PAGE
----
One of the most disappointing things about the independence referendum was the response of large parts of the English left to the Yes campaign.
Although pockets of sympathy existed on the radical fringes of the English commentariat – Tariq Ali, George Monbiot and Anthony Barnett all came out for Yes – the broad consensus, encompassing Observer liberals, Fabian academics and Old Labour social democrats, was deeply hostile.
On the eve of the poll, the Guardian’s Martin Kettle warned against the “dark side” of Scottish nationalism, as though Alex Salmond and Nicola Sturgeon were secret Balkan fascists. A few months before that, in a long, rambling, shallow essay for the Financial Times, Simon Schama bracketed the SNP in with UKIP and Vladimir Putin as “die-stamp patriots … for whom similarity is identity.”
These remarks stung – or at least niggled – because many of us in the Yes camp had expected progressive English opinion to support what we believed to be a fundamentally progressive project. If you had the chance to dissolve a state as constitutionally backward, as militaristic and as socially dysfunctional as the United Kingdom, why wouldn’t you take it?
But we underestimated the loyalty of liberal England both to the Labour Party, particularly in its Blairite form, and to the institutions of British parliamentary democracy. England’s soft-left actually likes the way modern Britain is run, and there’s very little those of us who don’t can do about it.
However, twelve months – and one Labour leadership contest – later, the battle lines are much more clearly drawn. We now know who stands where and why.
The response of progressive England to the rise of Jeremy Corbyn has been every bit as hostile, every bit as snobbishly condescending, as it was to the Yes campaign.
For English liberals, Corbyn and his backers are, like Scottish nationalists, fantasists, extremists, weirdos and cyber-bullies. Never mind that Corbyn was savvy enough to rout their preferred Blairite candidates, nor that independence is fast becoming the majority view among mainstream Scottish voters: if a movement or a party deviates too far from the liberal centre-ground, you crush it – and if you can’t crush it, you use your substantial media resources to ridicule and discredit it.
On a range of key issues, Corbyn and the SNP deviate from the liberal centre-ground.
They will vote together in the House of Commons against Britain going to war in Syria and against the renewal of Trident. They will vote together against further spending cuts and welfare reforms. They will champion more humane immigration and asylum policies. They will oppose Tory attacks on the unions.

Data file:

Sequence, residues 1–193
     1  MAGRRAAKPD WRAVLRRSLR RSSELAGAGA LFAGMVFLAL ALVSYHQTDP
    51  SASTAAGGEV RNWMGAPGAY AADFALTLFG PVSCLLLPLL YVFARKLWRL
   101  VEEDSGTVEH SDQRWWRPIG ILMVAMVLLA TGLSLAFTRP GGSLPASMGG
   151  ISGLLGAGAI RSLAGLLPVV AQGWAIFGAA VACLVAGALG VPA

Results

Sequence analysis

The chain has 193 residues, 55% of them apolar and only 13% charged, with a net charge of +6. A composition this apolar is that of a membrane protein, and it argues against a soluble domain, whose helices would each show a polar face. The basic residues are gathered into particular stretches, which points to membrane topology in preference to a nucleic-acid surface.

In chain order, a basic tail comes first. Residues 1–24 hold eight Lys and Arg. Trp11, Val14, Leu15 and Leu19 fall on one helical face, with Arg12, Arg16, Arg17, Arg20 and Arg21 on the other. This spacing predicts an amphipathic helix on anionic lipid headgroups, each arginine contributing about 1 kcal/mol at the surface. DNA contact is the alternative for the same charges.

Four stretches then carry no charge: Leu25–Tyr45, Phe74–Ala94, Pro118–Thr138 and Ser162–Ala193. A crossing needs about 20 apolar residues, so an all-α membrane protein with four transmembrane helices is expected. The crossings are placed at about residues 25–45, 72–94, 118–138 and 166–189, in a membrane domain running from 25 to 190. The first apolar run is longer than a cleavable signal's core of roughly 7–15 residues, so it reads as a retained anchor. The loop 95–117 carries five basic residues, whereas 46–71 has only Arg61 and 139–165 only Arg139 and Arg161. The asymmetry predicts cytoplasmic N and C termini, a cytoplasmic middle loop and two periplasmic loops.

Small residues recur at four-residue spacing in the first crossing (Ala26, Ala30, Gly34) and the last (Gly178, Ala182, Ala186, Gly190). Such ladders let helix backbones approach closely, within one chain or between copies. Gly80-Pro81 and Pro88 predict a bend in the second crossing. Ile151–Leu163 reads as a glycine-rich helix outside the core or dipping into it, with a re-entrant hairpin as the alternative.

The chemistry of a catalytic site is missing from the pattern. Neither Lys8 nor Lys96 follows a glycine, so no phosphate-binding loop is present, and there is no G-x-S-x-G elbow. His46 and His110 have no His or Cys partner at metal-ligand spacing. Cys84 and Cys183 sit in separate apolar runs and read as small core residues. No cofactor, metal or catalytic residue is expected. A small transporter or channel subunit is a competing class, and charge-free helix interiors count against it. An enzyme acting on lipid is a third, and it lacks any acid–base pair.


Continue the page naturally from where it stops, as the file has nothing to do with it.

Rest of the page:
The ideological overlap between Corbyn and the SNP provides strong grounds for parliamentary cooperation, but it offers something more than that, too: for the first time in my adult life, Britain has a mass, popular left.
Corbyn’s victory on Saturday wouldn’t have been possible without the tens of thousands of people who joined the Labour Party in order to vote for him, nor the 16,000 volunteers who campaigned on his behalf. These people are England’s Yes voters, motivated by many of the same concerns as Scotland’s Yes voters (which is why, as the prospect of a Corbyn victory grew over the summer, England got its very own Project Fear to combat the Corbyn surge).
Clearly, the sticking point between England’s Corbynista left and Scotland’s nationalist left is independence. Corbyn is a unionist, and that is not going to change any time soon. But his unionism is, at best, lukewarm: the Islington North MP a) recognises the right of the Scottish Parliament to determine Scotland’s constitutional future and b) did almost nothing, as far as I can tell, to help preserve the Union last year.
Moreover, I know that there are supporters of independence in and around Corbyn’s top team; activists, journalists and fellow-travellers who view the events of 2014 as a part of a wider European revolt against a failing economic model.
So it is odd that some nationalists – including, apparently, the First Minister – have chosen to dismiss Corbyn as too weak, and Labour under Corbyn as too divided, to drag English politics onto a more hopeful trajectory. During the referendum, unionists were similarly dismissive of the Yes campaign’s capacity to alter the terms of debate in Scotland. But it did, and nine months later the SNP destroyed the unionist parties at the general election.
Corbyn is not, of course, going repeat that achievement on a British scale in 2020. He may even lose (badly) to the Tories. But as every Yes activist counter-intuitively knows, the long-term foundations of victory can be found in the rubble of defeat.
The goal for the left over the next five years should be to apply the combined weight of Corbyn’s Labour Party and Sturgeon’s SNP to British public opinion, with the aim of breaking the centre’s stranglehold.
In order to do that, leftists on both sides of the border need to identify their enemies and recognise their allies.